Senior, Carly Maisel, is entering her third and final year on The Banner. She was the editor her sophomore year and the editor in chief her junior and...
SAT scandals leave future collegiate freshmen scared
May 17, 2019
As the school year comes to an end, many seniors are wanting to change colleges, scared that something like recent events might happen again. Many students were rejected because there was no more space. Parents of these students are threatening to sue.
“As a senior about to start college this story is frightening,” Wyatt Lowery said. “As an individual, I know that I have worked hard to get into my school and I do not think that people should be able to cheat their way into college because of their name.”
In early March, 50 people were indicted for being apart of the nationwide scheme involving four elite colleges and universities. These schools included Yale, Georgetown, the University of Southern California, and Stanford. The parents were trying to get their children into the colleges of their dreams not only for academics but athletics as well. Many of those involved are Chief Executive Officers, authors, actresses and actors, founders of major companies, and senior executives. There were 33 parents along with 14 coaches, their children, and three “architects of the scheme” according to People magazine. The “architects of the scheme” are the people that would take tests or cheat for the students.
Most of the parents were able to get off by paying the bond because of their financial status or community service. The three parents that have received most of the attention are Lori Loughlin and Mossimo Giannulli the parents of Isabella and Olivia Giannulli, allegedly gave $500,000 to have her two children designated as crew team recruits. The girls had never been on a rowing team before. This part of the scandal included the help of many coaches. The girls’ faces were photoshopped onto team members of a real rowing team faces to make it appear as if they were on a team.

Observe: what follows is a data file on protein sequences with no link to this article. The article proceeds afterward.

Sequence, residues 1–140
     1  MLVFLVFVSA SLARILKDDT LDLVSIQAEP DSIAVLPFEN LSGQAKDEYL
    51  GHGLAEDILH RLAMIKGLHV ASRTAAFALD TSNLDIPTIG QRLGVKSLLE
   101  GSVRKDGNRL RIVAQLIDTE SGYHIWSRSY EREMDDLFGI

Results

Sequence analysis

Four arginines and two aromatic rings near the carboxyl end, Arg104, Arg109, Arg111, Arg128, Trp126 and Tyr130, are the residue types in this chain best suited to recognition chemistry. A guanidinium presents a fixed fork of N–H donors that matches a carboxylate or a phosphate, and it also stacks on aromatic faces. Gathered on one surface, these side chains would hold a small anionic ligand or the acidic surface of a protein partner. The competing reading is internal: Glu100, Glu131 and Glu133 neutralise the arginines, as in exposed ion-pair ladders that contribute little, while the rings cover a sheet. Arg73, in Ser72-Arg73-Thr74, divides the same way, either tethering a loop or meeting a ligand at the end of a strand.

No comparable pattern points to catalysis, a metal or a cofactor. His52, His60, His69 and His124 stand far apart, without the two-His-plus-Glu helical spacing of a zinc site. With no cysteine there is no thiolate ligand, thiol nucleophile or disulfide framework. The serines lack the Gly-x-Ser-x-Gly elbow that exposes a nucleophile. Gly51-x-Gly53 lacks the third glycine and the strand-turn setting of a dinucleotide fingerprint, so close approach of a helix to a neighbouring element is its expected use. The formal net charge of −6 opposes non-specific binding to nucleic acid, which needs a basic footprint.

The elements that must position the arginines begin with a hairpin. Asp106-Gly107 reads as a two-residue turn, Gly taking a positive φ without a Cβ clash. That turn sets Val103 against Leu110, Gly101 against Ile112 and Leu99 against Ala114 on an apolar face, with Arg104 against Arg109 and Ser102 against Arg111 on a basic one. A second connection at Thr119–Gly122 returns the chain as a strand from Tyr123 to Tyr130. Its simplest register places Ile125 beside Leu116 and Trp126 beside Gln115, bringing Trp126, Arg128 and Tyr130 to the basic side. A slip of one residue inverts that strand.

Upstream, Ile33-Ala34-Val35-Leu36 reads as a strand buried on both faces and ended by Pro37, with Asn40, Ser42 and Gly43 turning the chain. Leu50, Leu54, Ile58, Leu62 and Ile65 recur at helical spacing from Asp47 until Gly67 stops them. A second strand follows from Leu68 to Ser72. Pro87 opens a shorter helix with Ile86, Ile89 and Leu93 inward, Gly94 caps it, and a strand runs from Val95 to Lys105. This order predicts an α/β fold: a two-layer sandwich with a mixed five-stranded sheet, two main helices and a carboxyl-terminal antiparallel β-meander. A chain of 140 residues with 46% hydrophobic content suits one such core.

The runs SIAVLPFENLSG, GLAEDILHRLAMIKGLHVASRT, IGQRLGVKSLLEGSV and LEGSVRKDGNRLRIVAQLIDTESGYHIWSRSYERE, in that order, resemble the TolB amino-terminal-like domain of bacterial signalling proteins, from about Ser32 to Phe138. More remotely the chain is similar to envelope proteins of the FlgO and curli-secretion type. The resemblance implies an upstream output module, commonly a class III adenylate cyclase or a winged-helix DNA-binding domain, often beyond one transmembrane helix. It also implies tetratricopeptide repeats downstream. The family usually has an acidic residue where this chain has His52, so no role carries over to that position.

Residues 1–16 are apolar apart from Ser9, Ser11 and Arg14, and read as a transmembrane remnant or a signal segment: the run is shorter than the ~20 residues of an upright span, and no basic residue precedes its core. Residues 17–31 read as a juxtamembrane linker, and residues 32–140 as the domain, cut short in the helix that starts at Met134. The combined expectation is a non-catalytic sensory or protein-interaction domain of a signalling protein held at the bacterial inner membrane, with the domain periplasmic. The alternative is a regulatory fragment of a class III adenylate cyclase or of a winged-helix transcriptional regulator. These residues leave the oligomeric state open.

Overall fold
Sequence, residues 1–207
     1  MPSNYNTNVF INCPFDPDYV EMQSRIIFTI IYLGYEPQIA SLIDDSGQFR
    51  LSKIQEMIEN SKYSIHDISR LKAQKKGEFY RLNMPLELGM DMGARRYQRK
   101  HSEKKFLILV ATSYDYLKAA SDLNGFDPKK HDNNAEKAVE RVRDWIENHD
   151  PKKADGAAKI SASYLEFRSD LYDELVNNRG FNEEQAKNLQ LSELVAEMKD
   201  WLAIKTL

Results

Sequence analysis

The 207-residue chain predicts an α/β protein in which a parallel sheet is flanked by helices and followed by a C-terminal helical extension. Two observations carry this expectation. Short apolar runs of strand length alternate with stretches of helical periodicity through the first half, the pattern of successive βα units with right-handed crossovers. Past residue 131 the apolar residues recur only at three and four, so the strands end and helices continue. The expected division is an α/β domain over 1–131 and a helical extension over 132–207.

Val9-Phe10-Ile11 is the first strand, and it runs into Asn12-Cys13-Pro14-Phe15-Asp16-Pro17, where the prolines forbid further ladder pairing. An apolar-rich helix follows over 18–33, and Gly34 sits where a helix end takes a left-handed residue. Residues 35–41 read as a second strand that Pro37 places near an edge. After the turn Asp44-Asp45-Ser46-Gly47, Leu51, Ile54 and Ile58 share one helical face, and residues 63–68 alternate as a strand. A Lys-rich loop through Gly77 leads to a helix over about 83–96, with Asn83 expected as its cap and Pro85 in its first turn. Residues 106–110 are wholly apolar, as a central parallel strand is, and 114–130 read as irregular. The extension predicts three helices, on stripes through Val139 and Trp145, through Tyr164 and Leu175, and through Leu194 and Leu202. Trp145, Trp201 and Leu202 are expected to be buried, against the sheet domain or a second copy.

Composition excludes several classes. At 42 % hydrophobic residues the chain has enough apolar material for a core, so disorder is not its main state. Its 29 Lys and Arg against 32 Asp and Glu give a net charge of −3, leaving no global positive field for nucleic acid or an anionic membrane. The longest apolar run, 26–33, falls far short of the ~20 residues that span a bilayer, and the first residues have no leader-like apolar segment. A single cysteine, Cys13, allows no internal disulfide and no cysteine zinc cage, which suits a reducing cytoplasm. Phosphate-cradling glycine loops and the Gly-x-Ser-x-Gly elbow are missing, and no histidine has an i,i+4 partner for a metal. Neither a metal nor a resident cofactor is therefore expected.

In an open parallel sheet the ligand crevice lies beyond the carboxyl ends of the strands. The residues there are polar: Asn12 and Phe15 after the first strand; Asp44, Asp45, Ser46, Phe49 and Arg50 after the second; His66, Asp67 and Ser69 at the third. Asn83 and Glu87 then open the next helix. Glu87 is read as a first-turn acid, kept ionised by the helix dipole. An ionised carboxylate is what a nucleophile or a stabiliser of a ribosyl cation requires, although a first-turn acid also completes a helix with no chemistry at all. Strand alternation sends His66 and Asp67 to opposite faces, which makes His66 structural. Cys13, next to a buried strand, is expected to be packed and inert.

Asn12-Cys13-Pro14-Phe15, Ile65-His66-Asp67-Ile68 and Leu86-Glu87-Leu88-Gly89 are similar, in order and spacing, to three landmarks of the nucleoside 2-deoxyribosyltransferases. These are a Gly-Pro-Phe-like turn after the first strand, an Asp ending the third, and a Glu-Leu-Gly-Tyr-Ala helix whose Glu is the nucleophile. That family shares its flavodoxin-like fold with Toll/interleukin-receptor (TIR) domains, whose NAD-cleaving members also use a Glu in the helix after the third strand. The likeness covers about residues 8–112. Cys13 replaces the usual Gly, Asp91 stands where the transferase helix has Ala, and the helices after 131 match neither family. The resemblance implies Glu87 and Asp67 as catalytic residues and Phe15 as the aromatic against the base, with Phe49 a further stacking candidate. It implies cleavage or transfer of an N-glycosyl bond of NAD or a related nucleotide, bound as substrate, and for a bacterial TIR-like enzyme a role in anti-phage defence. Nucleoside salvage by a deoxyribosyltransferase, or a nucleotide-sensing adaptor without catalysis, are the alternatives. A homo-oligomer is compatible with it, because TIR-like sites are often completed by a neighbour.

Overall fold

Another parent, Felicity Huffman, allegedly gave $15,000 to the admissions consultant William Singer and his nonprofit organization. Huffman was apart of this scandal on behalf of her oldest daughter, Sophia Grace Macy. Huffman convinced Singer to give her daughter extra time on the SAT exam and for her score to be raised more than 400 points. There were phone calls that proved Huffman wanting to carry out the same plan for her youngest, Georgia Grace Macy, but nothing had been started because of her young age.